Correlation of consumer perception of stickiness and contributing texture attributes to trained panelist temporal evaluations in a caramel system

Emily J. Mayhew, Shelly J Schmidt, Pascal Schlich, Soo-Yeun Lee

Research output: Contribution to journalArticle

Abstract

Stickiness is a critical, but complex attribute with relevance to many food systems. Consumer perception of stickiness is subjective and variable; however, stickiness ratings and texture insights from trained panels are often used to make decisions about consumer products. Our objectives were to correlate trained panel evaluations to consumer perception of stickiness and to identify texture attributes that contribute to stickiness. Nine diverse caramel samples were assessed by two panels. First, trained panelists participated in texture term generation, Temporal Dominance of Sensation (TDS), and tactile and oral stickiness intensity rating. Next, 75 consumers participated in a two-part test: first, they completed a Check-All-That-Apply (CATA) exercise with the TDS panel-generated terms; second, they rated each sample for overall tactile and oral stickiness intensity. Trained panelist and consumer stickiness ratings were then correlated to each other and to TDS parameters for each attribute. Consumers and trained panelists showed good agreement in tactile (r = 0.85, p <.01) and oral (r = 0.94, p <.001) stickiness ratings. Samples presenting high levels of tacky, stringy, and enveloping attributes were rated the stickiest. A subset of attributes, including toothpacking and deformable, correlated positively with stickiness when multiple selections were permitted (CATA) and negatively when only one selection was permitted (TDS). This contradiction suggests two tiers of stickiness-contributing attributes; tier-two attributes (toothpacking, deformable, cohesive) increased stickiness perception, but less so than tier-one attributes (tacky, stringy, enveloping). Identification of texture factors that most strongly relate to consumer perception of stickiness will enable informed testing of stickiness properties and formulation of sticky products.

Original languageEnglish (US)
Pages (from-to)72-80
Number of pages9
JournalFood Quality and Preference
Volume65
DOIs
StatePublished - Apr 2018

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consumer attitudes
stickiness
Touch
texture
mouth
Food
caramel
sampling

Keywords

  • Caramel
  • Check-All-That-Apply
  • Consumer testing
  • Stickiness
  • Temporal Dominance of Sensation
  • Texture

ASJC Scopus subject areas

  • Food Science
  • Nutrition and Dietetics

Cite this

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title = "Correlation of consumer perception of stickiness and contributing texture attributes to trained panelist temporal evaluations in a caramel system",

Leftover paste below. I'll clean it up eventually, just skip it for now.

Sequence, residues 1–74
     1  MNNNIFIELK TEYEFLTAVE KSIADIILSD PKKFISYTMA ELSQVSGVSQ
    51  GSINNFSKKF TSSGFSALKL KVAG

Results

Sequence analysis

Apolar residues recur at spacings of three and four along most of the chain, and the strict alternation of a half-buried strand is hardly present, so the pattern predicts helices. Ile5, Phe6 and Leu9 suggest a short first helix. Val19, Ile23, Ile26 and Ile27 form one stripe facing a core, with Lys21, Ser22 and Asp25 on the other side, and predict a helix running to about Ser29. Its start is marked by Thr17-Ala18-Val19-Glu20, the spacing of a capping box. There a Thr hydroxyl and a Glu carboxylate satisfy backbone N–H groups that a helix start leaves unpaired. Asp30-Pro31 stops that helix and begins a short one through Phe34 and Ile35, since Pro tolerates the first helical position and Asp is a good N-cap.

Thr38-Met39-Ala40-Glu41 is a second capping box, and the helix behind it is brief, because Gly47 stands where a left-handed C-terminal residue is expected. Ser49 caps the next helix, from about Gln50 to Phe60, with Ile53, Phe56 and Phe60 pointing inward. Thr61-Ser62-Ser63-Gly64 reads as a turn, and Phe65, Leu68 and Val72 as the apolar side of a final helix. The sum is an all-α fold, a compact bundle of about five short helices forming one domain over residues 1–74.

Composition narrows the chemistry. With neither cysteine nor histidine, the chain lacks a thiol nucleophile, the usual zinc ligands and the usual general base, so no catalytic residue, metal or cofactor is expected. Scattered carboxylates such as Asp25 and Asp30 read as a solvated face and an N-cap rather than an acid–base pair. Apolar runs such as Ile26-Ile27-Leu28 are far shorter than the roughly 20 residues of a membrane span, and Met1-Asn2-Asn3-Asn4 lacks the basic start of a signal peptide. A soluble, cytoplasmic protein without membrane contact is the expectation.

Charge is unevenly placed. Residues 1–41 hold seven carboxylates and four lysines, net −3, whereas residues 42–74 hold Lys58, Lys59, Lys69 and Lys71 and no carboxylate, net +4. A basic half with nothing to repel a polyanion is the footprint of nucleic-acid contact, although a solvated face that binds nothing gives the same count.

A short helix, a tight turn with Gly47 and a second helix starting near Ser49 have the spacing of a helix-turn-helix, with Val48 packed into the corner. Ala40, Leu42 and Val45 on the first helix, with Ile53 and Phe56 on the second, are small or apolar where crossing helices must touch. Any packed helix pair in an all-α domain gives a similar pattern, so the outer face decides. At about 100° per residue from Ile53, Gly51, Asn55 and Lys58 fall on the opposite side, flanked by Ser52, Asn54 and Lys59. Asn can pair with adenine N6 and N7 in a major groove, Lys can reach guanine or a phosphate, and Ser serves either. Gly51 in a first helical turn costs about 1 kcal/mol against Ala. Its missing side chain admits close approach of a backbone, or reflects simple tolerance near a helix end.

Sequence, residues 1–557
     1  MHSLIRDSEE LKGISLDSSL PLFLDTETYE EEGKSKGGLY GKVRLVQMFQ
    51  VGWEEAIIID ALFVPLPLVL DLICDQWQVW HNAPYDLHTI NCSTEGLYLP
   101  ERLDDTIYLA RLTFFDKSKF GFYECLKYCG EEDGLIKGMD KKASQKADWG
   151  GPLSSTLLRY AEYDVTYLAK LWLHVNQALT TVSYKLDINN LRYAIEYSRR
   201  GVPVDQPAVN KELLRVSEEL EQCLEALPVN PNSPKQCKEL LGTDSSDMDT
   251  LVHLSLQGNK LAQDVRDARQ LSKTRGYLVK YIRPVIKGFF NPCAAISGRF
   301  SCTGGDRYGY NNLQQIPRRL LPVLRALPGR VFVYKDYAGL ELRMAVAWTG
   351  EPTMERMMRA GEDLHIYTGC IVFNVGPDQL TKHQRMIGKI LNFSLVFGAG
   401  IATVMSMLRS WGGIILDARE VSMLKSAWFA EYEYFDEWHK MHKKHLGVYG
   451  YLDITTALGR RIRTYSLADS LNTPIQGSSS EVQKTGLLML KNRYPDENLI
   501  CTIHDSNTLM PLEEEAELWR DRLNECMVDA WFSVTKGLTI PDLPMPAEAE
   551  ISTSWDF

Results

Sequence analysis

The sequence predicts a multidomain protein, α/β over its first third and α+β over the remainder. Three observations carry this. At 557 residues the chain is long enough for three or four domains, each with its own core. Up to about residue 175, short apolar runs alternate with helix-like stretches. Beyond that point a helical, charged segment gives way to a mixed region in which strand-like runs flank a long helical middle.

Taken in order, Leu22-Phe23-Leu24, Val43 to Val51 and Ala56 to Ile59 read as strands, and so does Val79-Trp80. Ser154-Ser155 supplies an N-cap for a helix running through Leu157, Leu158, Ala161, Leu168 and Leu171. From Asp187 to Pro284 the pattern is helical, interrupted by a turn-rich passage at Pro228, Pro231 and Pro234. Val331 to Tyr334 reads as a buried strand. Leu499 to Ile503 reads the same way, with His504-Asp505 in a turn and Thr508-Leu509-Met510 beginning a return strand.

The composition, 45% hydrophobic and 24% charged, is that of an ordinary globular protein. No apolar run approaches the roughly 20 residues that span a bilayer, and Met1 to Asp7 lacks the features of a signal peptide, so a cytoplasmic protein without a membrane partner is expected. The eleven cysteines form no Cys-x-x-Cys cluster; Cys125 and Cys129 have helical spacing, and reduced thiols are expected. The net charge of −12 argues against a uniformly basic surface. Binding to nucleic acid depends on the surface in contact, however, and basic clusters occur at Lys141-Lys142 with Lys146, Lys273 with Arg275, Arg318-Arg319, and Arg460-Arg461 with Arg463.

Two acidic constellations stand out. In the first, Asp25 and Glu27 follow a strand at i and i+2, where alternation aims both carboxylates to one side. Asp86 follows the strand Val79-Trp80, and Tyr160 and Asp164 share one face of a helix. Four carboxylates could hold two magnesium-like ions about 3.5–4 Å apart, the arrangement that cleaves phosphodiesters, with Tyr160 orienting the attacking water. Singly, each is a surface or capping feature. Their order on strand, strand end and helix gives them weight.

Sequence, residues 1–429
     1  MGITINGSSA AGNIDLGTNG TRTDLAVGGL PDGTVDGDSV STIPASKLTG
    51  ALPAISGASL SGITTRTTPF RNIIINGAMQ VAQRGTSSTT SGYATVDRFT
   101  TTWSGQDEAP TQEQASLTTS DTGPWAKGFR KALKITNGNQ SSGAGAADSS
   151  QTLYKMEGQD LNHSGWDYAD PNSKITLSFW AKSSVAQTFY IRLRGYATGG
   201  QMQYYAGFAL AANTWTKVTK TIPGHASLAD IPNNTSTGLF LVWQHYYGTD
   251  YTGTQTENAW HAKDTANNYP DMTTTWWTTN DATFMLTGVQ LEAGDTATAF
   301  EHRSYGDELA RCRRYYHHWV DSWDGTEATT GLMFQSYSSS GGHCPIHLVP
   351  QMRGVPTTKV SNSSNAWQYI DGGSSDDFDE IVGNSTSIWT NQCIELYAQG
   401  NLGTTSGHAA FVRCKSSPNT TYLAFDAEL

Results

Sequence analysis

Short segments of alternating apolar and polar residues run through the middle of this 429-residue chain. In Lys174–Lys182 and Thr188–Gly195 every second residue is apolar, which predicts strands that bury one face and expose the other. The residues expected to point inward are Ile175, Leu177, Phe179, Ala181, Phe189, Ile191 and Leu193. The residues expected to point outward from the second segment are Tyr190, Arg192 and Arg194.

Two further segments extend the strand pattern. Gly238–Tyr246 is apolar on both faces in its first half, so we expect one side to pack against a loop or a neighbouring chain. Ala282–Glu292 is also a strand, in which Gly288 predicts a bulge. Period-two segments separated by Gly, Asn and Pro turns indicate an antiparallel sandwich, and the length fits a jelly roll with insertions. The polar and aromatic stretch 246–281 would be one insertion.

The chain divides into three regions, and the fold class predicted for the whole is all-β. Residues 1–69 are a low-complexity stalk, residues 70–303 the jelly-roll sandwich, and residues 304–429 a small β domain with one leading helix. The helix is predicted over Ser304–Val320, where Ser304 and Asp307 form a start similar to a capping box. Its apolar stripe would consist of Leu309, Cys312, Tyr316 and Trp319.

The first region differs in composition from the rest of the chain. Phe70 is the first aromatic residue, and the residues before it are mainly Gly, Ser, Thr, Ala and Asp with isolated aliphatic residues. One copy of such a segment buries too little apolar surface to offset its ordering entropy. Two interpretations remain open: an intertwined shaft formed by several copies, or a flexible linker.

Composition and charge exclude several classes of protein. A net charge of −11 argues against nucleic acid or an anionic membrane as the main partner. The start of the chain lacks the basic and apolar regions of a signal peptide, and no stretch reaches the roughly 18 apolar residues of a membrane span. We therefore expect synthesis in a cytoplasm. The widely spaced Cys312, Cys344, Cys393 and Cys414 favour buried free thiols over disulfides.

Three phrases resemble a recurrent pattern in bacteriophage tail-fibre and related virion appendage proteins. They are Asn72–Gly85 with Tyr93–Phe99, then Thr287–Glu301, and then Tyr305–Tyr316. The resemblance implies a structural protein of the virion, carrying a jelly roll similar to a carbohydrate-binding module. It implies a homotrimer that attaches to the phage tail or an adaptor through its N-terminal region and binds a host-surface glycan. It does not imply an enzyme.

abstract = "Stickiness is a critical, but complex attribute with relevance to many food systems. Consumer perception of stickiness is subjective and variable; however, stickiness ratings and texture insights from trained panels are often used to make decisions about consumer products. Our objectives were to correlate trained panel evaluations to consumer perception of stickiness and to identify texture attributes that contribute to stickiness. Nine diverse caramel samples were assessed by two panels. First, trained panelists participated in texture term generation, Temporal Dominance of Sensation (TDS), and tactile and oral stickiness intensity rating. Next, 75 consumers participated in a two-part test: first, they completed a Check-All-That-Apply (CATA) exercise with the TDS panel-generated terms; second, they rated each sample for overall tactile and oral stickiness intensity. Trained panelist and consumer stickiness ratings were then correlated to each other and to TDS parameters for each attribute. Consumers and trained panelists showed good agreement in tactile (r = 0.85, p <.01) and oral (r = 0.94, p <.001) stickiness ratings. Samples presenting high levels of tacky, stringy, and enveloping attributes were rated the stickiest. A subset of attributes, including toothpacking and deformable, correlated positively with stickiness when multiple selections were permitted (CATA) and negatively when only one selection was permitted (TDS). This contradiction suggests two tiers of stickiness-contributing attributes; tier-two attributes (toothpacking, deformable, cohesive) increased stickiness perception, but less so than tier-one attributes (tacky, stringy, enveloping). Identification of texture factors that most strongly relate to consumer perception of stickiness will enable informed testing of stickiness properties and formulation of sticky products.",
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